On the list of first-world problems, not being bothered to plug in your Tesla is very near the top. Luckily for lazy Model S owners, the US Department of Energy is on it. Wireless charging has been around for years in mobile phones, but it's never really caught on, due to its low efficiency, lack of universal compatibility and occasional stupidity. But for cars, it makes a ton of sense: unlike phones, we tend to leave our cars in exactly the same space when we're not actively using them.
Unfortunately, wireless charging for cars is more difficult than phones, due to the higher wattage necessary. The US Department of Energy's Oak Ridge National Laboratory has made a recent breakthrough on that front that shows promise, with a proof-of-concept 20kW charger working at 90 per cent efficiency. That's enough to put 97km of charge into a Tesla every hour, right on par with Tesla's own home chargers.
Wireless charging isn't ready for the prime time yet -- the ORNL's proof of concept is still just that -- but it's likely to be an important stepping stone for getting more people interested in electric vehicles.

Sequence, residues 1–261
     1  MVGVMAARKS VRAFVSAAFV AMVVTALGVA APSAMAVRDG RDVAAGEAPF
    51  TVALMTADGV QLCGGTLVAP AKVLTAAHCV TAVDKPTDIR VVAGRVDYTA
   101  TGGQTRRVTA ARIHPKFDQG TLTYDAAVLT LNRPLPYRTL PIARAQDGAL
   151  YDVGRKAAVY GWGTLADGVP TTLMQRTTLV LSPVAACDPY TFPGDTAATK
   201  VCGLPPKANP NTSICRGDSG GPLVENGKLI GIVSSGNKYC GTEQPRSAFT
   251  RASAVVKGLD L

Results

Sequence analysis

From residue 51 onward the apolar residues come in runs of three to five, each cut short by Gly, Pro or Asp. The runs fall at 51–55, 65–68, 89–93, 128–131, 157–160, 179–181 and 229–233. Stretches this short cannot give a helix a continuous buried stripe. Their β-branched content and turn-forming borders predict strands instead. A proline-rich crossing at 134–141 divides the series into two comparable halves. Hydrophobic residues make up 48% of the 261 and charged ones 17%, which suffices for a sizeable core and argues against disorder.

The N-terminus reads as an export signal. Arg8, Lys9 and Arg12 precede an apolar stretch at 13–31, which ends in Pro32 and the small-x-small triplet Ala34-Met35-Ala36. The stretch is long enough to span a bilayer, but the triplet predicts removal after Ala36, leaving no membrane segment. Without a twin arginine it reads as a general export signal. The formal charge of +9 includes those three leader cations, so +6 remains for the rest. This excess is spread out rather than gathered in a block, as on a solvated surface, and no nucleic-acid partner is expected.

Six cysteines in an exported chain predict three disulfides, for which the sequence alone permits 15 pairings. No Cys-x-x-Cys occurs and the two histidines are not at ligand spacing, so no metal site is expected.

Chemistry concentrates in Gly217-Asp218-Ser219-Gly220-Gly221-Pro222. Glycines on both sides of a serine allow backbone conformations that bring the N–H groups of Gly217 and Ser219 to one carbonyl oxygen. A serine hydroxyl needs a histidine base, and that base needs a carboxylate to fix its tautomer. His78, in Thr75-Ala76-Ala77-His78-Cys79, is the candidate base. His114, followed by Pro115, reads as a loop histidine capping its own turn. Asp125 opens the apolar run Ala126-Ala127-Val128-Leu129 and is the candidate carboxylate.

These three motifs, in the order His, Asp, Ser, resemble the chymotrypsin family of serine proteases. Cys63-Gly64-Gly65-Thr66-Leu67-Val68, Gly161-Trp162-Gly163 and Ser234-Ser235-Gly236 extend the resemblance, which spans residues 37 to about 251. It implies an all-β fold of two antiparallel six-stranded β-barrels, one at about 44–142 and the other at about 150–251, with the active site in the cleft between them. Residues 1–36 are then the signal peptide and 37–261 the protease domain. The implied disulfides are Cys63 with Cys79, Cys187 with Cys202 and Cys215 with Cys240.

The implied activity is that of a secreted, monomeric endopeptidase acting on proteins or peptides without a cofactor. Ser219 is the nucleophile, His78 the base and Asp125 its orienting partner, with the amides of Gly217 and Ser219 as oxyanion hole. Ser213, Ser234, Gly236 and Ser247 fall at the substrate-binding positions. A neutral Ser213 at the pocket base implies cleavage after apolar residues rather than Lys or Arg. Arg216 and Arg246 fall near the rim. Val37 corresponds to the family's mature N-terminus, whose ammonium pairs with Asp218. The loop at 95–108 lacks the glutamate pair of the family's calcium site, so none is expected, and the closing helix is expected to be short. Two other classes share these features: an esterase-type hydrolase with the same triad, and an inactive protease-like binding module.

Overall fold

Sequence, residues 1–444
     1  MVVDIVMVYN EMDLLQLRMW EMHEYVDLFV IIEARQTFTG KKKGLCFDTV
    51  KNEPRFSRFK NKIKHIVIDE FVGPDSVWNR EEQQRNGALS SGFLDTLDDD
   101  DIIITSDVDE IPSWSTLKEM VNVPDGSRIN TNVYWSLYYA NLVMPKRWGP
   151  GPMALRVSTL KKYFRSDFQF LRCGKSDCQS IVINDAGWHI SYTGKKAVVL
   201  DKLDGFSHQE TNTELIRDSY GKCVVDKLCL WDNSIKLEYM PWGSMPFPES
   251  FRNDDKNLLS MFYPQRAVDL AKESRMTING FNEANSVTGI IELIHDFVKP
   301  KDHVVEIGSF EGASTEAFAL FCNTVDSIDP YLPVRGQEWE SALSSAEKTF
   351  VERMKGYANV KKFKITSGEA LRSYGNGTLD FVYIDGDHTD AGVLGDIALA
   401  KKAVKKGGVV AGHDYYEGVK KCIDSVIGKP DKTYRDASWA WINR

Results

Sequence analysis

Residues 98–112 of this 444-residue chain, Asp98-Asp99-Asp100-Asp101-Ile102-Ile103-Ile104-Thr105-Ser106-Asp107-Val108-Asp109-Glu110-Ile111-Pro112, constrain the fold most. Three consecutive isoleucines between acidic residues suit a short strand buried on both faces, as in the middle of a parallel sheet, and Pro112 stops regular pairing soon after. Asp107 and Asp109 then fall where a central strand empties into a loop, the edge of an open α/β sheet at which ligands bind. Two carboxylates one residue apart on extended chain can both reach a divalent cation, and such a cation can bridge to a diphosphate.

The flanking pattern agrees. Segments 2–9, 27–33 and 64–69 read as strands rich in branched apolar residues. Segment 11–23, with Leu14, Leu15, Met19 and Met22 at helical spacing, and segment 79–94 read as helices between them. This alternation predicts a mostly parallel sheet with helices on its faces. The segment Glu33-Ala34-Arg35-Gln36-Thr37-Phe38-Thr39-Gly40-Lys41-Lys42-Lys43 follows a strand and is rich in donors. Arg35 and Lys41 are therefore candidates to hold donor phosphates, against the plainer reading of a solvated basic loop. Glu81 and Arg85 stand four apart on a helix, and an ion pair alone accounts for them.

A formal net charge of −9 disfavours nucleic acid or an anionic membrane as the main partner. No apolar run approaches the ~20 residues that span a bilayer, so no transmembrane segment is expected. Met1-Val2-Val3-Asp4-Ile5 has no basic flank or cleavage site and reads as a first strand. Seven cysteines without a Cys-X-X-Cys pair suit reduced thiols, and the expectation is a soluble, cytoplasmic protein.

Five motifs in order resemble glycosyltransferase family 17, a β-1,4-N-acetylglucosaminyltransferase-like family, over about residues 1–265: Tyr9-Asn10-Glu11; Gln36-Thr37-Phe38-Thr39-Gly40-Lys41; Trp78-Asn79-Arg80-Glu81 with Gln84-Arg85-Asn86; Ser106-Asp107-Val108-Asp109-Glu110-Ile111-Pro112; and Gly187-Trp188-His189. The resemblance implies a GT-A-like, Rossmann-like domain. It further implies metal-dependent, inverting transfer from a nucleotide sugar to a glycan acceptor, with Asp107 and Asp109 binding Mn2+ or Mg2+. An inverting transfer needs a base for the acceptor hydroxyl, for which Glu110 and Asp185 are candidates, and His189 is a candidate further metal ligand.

Without major leaps in battery technology sometime soon, charging a battery is going to remain slower than filling a tank with petrol, so anything that can make topping up an EV's battery easier will be welcome. No-one's going to bother plugging in a car while they run into a drug store, or wait in line at a drive-through, but wireless charging would do just that, without any effort from the driver.
There's also autonomous cars to consider. A self-driving car than needs a human to plug it into the wall would be annoying, or require some Roomba-esque docking system. But with wireless chargers, autonomous cars would be free to roam and recharge as needed, all without human intervention. Even Skynet needs wheels sometimes.